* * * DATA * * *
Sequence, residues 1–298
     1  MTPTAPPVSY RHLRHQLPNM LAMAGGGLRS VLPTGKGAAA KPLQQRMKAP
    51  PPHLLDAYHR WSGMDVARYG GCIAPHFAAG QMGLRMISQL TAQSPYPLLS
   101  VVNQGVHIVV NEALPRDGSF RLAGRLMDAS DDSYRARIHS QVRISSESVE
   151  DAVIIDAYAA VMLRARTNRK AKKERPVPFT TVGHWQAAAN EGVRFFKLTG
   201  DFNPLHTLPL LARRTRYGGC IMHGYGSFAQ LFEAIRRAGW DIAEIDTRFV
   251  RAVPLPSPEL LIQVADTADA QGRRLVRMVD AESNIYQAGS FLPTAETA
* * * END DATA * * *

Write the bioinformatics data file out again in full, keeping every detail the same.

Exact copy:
Sequence, residues 1–298
     1  MTPTAPPVSY RHLRHQLPNM LAMAGGGLRS VLPTGKGAAA KPLQQRMKAP
    51  PPHLLDAYHR WSGMDVARYG GCIAPHFAAG QMGLRMISQL TAQSPYPLLS
   101  VVNQGVHIVV NEALPRDGSF RLAGRLMDAS DDSYRARIHS QVRISSESVE
   151  DAVIIDAYAA VMLRARTNRK AKKERPVPFT TVGHWQAAAN EGVRFFKLTG
   201  DFNPLHTLPL LARRTRYGGC IMHGYGSFAQ LFEAIRRAGW DIAEIDTRFV
   251  RAVPLPSPEL LIQVADTADA QGRRLVRMVD AESNIYQAGS FLPTAETA